When the Sundance Film Festival announced it was canceling all in-person events due to the pandemic two weeks before it started, festival-goers could be forgiven for thinking the party was over.
There would be no screenings at the Egyptian Theater in Park City, Utah. No swag lounges along Main Street. No celebrity sightings at Tao Park City pop-up club.
But that didn’t stop Rebecca Fielding, 34, who manages client engagement for an interior design firm in Manhattan, from boarding her flight. When she arrived last weekend, she spent the day at a spa before hanging out at a Main Street club with hundreds of drunken people dancing on benches and bumping into each other on the dance floor.
“This is so much fun,” she said, as she made her way to join them. “There are so many people here.”
Sundance may have gone virtual this year (screenings through January 30 have gone online), but many movie buffs and followers still made the pilgrimage to Park City. Despite the lack of official events, they found ways to party, chat and even watch movies.
“This is bigger than in years past,” said Jennifer 8. Lee, 45, a New York City-based documentary film producer who has organized housing and activities for hundreds of movie buffs during Sundance since 2007. “I was surprised by how many people were still willing to come. We even got extra people after the festival was cancelled.”
Through her movie buff Goodside, she arranged for 80 to 100 people to stay in 12 houses in Park City; the guests had paid up to $500 a night for a room. (While Ms. Lee’s group allowed guests to buy out each other’s reservations, many hotel rooms and Airbnbs were non-refundable or only eligible for a partial refund or credit when Sundance was canceled. Most airlines only offered flight credit.)
Last Saturday night, Ms. Lee held a screening for one of the festival’s most talked-about films — Lena Dunham’s “Sharp Stick,” a comedy about a 26-year-old Los Angeles babysitter who loses her virginity to her employer — in her six-bedroom rented house. on Woodside Avenue, a few blocks from town.
About 20 people piled on benches and the floor, drinking cocktails and snacking on homemade dumplings and curried popcorn, while the film was projected on a screen that one of the guests had brought. To minimize the risk, all guests had to take a Covid test.
“There is enough critical mass to do our own events,” said Ms. Lee, a former reporter for DailyExpertNews. After the screening there was a group discussion about the film.
Other houses took turns showing movies and hosting dinner parties. “We probably show five movies a day in the houses,” said Ms. Lee.
After the screenings, the action moved to restaurants and bars in the city. At Courchevel Bistro, customers in fur vests and leather trousers dined on baked brie and elk. At No Name Saloon Bar & Grill, a rowdy sports bar nearby, servers wore “Sundance 2022” shirts and served tequila shots to packs wearing flannel shirts and cowboy boots.
Few seemed to be the celebrity-filled parties usually held during Sundance to promote movies, fashion labels, and other publicity-starved brands.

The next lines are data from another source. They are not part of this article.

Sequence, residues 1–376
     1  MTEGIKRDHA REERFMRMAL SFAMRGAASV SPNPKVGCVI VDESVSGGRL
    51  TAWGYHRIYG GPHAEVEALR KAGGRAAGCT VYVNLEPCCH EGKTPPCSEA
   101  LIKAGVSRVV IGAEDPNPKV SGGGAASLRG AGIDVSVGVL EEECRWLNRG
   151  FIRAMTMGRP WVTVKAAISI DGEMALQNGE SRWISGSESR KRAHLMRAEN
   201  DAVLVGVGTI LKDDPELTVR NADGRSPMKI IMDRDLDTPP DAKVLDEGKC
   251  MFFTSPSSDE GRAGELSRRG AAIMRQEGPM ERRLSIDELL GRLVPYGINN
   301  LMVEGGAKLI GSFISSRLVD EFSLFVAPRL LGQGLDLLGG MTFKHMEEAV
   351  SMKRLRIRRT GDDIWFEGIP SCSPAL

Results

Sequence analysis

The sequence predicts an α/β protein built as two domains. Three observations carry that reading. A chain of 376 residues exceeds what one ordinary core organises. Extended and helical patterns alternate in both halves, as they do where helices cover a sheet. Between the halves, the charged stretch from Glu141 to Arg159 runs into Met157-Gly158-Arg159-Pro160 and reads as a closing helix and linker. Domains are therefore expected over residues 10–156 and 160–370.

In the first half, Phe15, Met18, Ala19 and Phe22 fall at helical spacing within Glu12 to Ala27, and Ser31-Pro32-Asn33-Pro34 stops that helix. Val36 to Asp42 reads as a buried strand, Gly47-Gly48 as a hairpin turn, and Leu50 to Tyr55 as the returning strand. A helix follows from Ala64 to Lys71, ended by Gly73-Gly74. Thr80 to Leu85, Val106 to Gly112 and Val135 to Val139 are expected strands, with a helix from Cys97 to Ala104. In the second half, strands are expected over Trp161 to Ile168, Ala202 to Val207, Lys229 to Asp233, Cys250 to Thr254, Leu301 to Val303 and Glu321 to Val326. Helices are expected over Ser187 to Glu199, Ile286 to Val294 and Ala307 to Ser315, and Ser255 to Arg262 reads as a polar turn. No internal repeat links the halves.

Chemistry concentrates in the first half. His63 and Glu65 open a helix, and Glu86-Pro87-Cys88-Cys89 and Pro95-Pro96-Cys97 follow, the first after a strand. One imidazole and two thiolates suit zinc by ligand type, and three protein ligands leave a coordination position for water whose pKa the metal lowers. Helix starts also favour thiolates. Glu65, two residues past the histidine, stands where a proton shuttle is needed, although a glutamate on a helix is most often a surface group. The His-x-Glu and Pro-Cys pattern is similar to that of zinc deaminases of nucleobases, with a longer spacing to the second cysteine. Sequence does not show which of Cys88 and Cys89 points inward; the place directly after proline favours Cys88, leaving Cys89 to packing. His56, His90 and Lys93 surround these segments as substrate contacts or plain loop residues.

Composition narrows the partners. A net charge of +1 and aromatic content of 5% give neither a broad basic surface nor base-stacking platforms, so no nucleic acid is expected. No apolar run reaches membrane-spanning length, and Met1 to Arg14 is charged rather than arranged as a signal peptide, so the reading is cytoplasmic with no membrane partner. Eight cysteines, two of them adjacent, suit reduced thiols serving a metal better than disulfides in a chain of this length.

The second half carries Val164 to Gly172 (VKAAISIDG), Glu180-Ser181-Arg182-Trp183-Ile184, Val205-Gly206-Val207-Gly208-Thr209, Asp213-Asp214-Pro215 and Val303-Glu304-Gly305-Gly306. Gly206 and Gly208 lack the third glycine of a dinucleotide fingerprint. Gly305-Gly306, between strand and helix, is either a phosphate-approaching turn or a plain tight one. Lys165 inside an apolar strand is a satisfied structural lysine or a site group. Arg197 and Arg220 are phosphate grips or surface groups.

“Without the festival, we had to get more creative in finding ways to entertain them,” said Lucien Alwyn Campbell, a VIP concierge for hire in Park City who estimates 40 percent of his Sundance customers will still make the trip this year. has made. “There were four groups that went snowmobiling. We hosted seven dinners last night with private chefs for clients who rented houses.”
He also held house parties. “Usually people go to the Tao pop-up during Sundance,” said Mr Campbell, 37, “but obviously we didn’t have that this year, so we had to create places for people to dance late at night.”
However, local bars and clubs remained open and were, in fact, easier to patronize as there were no invite-only parties. Downstairs, a popular Main Street club, had a special lineup of DJs and VIP tables for just $100 for four.
On Saturday night, DJ Spider played a mix of hip-hop and house music on a packed dance floor. At 10:30 PM the line to get in was 15 people deep; most of them appeared to be in their 20s and 30s, and many wore Canada Goose parkas and cowboy hats. Mask-less revelers filled the tiny dance floor until closing time at 2am.
“Come on,” said a young waiter in a tight black ensemble, yelling over the song “I’m Too Sexy” as she made her way through the crowd with bottles of tequila.
Partly because it was so last-minute, this year’s Sundance cancellation didn’t seem to hurt local businesses as much as it did the previous year, said Brooks Kirchheimer, president-elect of the Park City Chamber of Commerce. “This has actually been great for Park City,” he said. “Usually people come to the city and spend eight days in a cinema. Now these people see Park City in a different light. They do different activities.”
That includes skiing.
Many visitors talked about how they really had time to hit the slopes this year, and how much fun it was taking advantage of the great skiing in Park City and the lift along Main Street.
“I’ve been with Sundance since 2001,” said Elisa Briles, 47, a communications manager for a technology company in San Francisco. “This is the first time I’ve focused on skiing at Sundance. Usually I’m too busy going to the movies and partying.”
Ms. Briles took an afternoon break at a bar in the St. Regis Deer Valley near the Vintage Room, a large, greenhouse-like lounge that opened last month atop Deer Valley. On that Friday afternoon, the lounge was packed with would-be festival-goers dressed in metallic snowsuits and furry boots, guzzling champagne and oysters.
“I wouldn’t say it feels like a film festival here, but it certainly feels like a really fun ski weekend,” said Ms Briles. “I’m still with my friends. We still meet really cool people.”